|Event 2: A New Yorker "Talk of the Town" Piece|
The Ugly Side of Seventh Avenue
By Malcolm Gladwell
There are so many fund-raisers in the Hamptons these days--what with all the needy museums and libraries and starving artists and small homeless domestic animals in the Manhattan area--that it was something of a relief last weekend when Donna Karan threw the very first anti-fund-raiser fund-raiser. It was for prostate cancer, which Karan has been obsessed with since her chief designer was diagnosed with the disease last summer, but that was the only predictable thing about the affair. First of all, all the guests were told, there was to be no black. None at all. "It's a matter of symbolism," Karan explained in her trademark Brooklynese. "This evening is about discipline and sacrifice. I want everyone to have tostrugglewith their wardrobe." She herself was in taupe velour--thigh-high and low-cleavage--looking like she belonged backstage at a Def Leppard concert. Barbra Streisand, for her part, came in a pewter fitted-bodice Karan gown from the mid-'70s. Bianca Jagger was in a vermilion sweater set and a battered pair of what looked like ex-beau Robert Torricelli's Dockers. "Do I look ugly?" Jagger said. "Of course I do." But that was the point. Karan had always thought there was something a little odd about fighting homelessness in velvet at the Waldorf--not merely because of the incongruities of class and station at the Waldorf but also because (as one would expect of a designer for whom fabric is destiny) of the velvet. "It hit me at Brooke Astor's black and white squeegee-man ball last year," Karan said. "I've never seen the homeless in velvet."
At Karan's inaugural Prostrate Cancer Coalition dinner, then, there wasn't just to be no black. There was to be no velvet either. Finger food was banished. There was no rare sashimi tuna with a Mediterranean puree. It was celery sticks and leftovers from the Wendy's on 34th Street. Opening remarks were from New Age guru Deepak Chopra. But after a quick clearing of throat, he said nothing at all--a moment of startling, controversial silence broken only by the sound of actor Mark Wahlberg's grumbling stomach. At each place setting, Karan put a bottle of her new fragrance Chaos. But inside the bottle was not Chaos, but 5 milliliters of Zyvorizem, Pfizer's highly touted new prostrate cancer chemotherapeutic. "We sell beauty and glamour. We don't sell disease. But today we make an exception," Karan told the hushed audience. "Today we sell the disease to end the disease." It was as if, for an evening, all of Seventh Avenue had been turned upside down, so that what was chic a day ago was suddenly outré, and all that was outré was suddenly--and impossibly--chic. "Last year, when I gave up rayon for good and did my entire line in industrial plastics, I thought I was being brave," a unusually pensive Issac Mizrahi said, looking around in wonderment. (He looked frumpy in an orange FILA jumpsuit.) "Industrial plastics! What was I thinking?"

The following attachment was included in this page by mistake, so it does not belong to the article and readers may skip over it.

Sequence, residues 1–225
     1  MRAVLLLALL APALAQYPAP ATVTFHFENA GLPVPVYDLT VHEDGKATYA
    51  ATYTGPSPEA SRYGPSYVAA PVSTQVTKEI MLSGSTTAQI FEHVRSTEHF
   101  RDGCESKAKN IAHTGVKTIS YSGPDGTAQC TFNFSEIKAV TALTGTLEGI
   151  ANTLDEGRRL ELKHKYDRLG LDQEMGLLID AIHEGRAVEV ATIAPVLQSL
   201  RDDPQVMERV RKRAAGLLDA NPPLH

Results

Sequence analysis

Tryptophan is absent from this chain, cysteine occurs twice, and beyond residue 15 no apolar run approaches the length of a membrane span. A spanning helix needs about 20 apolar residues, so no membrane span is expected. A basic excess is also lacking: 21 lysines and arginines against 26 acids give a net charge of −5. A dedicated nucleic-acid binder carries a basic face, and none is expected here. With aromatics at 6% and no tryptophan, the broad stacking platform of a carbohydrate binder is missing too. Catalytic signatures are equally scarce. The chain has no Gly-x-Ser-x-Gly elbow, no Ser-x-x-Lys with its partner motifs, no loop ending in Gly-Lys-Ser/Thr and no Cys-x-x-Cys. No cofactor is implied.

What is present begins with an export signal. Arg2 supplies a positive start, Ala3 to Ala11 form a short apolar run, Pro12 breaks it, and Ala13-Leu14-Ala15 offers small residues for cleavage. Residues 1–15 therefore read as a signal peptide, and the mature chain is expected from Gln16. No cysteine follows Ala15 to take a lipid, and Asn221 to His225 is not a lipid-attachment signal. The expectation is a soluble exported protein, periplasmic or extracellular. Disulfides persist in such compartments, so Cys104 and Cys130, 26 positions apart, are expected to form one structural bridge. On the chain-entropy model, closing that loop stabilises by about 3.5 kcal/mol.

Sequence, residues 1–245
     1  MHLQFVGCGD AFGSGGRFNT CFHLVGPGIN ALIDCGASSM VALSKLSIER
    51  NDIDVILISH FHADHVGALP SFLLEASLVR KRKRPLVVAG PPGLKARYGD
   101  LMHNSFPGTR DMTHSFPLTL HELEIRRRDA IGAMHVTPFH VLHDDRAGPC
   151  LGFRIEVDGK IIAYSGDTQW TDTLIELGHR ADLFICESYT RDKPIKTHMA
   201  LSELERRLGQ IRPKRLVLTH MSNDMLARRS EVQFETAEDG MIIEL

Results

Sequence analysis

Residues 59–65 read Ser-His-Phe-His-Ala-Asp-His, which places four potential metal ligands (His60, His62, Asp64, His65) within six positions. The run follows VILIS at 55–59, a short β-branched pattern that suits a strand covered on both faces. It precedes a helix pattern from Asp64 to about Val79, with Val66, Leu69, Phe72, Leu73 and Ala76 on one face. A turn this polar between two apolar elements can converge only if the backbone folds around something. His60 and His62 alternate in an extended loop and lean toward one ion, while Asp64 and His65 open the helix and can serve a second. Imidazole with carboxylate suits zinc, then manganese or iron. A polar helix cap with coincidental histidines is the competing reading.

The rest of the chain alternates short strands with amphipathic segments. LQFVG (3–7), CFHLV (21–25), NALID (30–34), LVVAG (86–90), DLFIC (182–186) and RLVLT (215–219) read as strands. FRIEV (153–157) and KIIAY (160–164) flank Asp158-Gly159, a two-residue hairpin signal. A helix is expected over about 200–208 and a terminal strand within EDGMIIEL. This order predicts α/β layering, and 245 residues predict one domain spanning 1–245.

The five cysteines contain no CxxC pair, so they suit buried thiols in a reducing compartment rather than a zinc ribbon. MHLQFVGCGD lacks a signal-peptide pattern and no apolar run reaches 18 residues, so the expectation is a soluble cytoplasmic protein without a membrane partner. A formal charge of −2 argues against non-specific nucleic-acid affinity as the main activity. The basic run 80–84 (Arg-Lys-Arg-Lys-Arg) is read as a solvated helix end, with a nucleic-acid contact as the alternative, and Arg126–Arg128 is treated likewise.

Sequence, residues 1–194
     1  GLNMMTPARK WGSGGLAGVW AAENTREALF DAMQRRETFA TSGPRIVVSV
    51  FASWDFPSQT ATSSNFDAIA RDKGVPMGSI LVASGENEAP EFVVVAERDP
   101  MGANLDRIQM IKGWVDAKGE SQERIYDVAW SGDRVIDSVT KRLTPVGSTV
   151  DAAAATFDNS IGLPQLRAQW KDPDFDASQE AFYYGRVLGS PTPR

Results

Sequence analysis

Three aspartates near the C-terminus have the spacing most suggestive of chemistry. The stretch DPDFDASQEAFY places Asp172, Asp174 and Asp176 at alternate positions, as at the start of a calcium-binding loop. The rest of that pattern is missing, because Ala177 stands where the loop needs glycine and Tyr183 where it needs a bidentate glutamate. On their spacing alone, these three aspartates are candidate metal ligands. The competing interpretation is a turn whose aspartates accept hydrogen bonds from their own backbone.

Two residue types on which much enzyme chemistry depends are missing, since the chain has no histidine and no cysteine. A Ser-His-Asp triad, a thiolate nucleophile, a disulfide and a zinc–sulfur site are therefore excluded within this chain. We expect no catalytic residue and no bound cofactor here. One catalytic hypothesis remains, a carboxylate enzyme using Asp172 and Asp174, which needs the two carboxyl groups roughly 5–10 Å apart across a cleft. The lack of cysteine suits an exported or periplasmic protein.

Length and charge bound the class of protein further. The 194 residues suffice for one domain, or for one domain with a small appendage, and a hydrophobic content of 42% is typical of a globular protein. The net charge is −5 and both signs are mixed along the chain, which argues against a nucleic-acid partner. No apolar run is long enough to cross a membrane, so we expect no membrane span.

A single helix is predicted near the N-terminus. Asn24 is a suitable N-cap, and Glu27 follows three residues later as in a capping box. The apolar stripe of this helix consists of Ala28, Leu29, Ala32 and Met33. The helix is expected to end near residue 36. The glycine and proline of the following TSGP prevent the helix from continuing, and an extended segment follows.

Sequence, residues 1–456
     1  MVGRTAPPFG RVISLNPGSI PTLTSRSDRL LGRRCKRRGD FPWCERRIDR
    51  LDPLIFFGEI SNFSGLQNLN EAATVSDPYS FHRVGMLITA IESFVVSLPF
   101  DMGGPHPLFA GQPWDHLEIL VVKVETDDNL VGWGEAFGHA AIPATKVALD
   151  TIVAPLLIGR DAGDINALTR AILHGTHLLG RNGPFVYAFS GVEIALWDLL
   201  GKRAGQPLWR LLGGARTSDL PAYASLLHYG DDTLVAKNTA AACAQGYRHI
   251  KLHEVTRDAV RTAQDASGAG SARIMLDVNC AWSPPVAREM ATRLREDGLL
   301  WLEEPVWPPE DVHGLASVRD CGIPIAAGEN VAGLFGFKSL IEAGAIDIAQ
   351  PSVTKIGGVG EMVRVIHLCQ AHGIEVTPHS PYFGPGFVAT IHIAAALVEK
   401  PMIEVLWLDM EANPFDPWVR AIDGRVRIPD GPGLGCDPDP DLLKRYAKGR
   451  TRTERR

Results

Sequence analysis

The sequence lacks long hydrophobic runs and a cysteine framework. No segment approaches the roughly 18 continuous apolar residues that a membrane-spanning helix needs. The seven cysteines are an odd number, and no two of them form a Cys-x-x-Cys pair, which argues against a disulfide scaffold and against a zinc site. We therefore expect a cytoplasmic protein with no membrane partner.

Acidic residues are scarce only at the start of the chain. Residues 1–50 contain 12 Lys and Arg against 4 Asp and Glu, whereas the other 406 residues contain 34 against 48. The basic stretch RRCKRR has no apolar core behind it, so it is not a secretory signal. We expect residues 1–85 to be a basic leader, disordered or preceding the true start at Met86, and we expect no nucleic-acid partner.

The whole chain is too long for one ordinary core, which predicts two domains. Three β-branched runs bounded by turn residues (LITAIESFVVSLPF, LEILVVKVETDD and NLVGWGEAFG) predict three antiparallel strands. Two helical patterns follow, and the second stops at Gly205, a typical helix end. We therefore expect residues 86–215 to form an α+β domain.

Later, much later, after Michael Jackson and David Geffen and Ben Bradlee and Patrick Ewing and Michael Milken and every other member of the bi-coastal A-list had gone home, Karan allowed herself a few moments of reflection. She had thrown a Hofstra sweatshirt over her miniskirt and kicked off her clogs. Her brown hair was tied back in a red AIDS ribbon. She seemed suddenly larger than her 105 pounds--a size 4, perhaps, or even a size 6. In one hand was a white wine spritzer over ice ("My only vice," she allowed) and in the other a discreet handful of what looked like birdseed. "It's not hard to find a poster child for AIDS or breast cancer or leukemia," she said, her voice surprisingly soft. "But prostate cancer? Most of those who have it are middle-aged white guys. Face, it they're not very photogenic." She shrugged her shoulders. "Did you see Norman Schwarzkopf tonight? He's a survivor. But its not like he's--well ..." She paused, searching for a nice word. "If you put him in Armani, he'd look like he was trick-or-treating. Honestly. That's why we had to go ugly, so the real victims of this disease would fit in."
Malcolm Gladwell is a staff writer at The New Yorker.
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